Thursday, October 31, 2013

What's inside a pumpkin?

Teaching children is such a joy to me!  Even more than that, teaching two year olds is the most exciting thing to me! This is my first year teaching at Coastal Day School but I have had experience teaching two year olds before and when I was given the opportunity to teach this age group again, I was ecstatic!  It has been so exciting to already see the two year old class grow and learn new things.  I love that, what we as adults would think it is the simplest thing, they are so excited over.  The month of October we have been learning about the color orange and talking ALL about pumpkins.  We have talked about their shapes, texture, stems, and what is inside a pumpkin.  When we asked what was inside we got answers such as seeds, orange, water and even a few were convinced there was a pumpkin patch IN the pumpkin! I loved the creativity in children!   After we talked about and let the children play with the pumpkins we decided to cut into them.  They were finally able to see what was really in the pumpkin! After we gutted the pumpkin we created a sensory bucket of the seeds and “guts” for the children to be able to feel and play with it.  As an adult all I could think was “Ugh, this is gross,” or “Maybe I should just throw this out,” but as a teacher I HAD to let the children explore and I was so excited to watch them as they were learning.  I know this seems crazy to think that they were learning while they were just playing with the “guts” of the pumpkin but I was able to ask questions like “How does it feel?”  “What color is it?”  “What could you make with it?” “What do you think the seeds taste like?” After we asked all those questions they were able to actually taste the pumpkin seeds.  I toasted them and brought them back to school and with the AM snack I gave each of them an opportunity to taste them.  Of course they were a different texture so most of the children didn’t really care for them but I had a few that kept asking for more.  Most people probably would have no clue that so much learning could come from just a simple pumpkin but the children are beginning to learn the difference of bumpy or smooth,  tall or short, the color orange, and what a circle looks like.  As adults we have to remember that everything around us is a learning environment for children, we just have to let them learn and explore, even if that means getting the “guts” of the pumpkin all over us! J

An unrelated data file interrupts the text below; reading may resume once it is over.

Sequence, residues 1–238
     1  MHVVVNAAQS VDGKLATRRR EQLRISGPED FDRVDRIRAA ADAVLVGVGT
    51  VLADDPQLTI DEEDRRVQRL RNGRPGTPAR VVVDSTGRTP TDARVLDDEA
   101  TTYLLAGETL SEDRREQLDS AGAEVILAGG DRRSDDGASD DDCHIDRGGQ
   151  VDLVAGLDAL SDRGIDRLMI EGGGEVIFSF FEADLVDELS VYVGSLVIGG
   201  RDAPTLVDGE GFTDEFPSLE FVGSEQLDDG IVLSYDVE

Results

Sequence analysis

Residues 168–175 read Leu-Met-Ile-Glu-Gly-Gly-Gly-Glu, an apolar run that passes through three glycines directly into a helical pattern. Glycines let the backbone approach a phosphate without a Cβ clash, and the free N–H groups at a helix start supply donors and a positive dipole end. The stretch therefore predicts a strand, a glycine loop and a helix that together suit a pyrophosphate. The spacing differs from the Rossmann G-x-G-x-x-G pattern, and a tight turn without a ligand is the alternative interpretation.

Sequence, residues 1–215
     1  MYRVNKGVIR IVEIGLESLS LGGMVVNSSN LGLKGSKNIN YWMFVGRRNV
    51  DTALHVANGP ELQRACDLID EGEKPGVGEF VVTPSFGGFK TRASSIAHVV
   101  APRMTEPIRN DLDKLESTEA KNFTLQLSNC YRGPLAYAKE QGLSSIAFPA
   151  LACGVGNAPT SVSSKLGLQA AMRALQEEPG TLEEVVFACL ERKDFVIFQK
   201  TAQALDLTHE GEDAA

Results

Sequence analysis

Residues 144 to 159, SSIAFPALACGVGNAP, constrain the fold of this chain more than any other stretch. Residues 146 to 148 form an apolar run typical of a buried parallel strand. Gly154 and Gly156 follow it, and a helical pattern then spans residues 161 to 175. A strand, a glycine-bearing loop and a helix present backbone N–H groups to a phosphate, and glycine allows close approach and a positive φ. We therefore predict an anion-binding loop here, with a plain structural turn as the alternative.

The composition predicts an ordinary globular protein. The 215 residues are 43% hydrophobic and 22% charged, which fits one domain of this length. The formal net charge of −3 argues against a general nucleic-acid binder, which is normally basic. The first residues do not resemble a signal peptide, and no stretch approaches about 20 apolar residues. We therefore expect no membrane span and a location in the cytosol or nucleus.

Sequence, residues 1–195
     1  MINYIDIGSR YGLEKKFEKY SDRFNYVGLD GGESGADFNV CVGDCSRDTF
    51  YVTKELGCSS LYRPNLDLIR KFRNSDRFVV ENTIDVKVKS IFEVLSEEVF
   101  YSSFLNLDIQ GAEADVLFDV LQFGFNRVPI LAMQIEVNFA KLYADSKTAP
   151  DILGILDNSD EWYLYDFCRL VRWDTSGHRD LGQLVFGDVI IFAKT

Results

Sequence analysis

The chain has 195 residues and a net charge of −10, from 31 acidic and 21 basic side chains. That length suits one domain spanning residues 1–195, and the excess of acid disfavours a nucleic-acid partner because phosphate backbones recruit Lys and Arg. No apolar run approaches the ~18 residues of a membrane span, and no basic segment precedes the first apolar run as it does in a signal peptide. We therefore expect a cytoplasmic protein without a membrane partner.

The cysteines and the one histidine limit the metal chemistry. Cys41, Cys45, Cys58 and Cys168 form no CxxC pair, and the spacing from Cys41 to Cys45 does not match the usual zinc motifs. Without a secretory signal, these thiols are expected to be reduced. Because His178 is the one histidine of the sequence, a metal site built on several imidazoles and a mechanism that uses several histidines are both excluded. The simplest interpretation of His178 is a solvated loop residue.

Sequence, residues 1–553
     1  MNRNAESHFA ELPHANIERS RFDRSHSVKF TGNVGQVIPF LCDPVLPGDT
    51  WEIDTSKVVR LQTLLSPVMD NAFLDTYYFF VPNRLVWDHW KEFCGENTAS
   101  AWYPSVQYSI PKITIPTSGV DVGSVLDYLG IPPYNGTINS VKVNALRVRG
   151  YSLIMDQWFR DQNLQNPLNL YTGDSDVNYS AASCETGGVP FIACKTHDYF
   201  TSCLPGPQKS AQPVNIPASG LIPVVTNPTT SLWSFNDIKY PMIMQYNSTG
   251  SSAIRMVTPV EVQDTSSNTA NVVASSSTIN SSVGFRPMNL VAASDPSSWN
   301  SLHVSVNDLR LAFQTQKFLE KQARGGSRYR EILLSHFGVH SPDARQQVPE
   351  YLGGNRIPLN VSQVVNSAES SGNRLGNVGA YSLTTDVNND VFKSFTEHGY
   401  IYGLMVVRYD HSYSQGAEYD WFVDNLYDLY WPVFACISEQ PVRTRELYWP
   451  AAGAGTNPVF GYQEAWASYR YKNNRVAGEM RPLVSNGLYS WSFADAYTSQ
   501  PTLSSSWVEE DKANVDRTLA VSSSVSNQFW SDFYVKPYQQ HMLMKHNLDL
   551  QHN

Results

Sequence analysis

-Shelley (Two Year Old Teacher)


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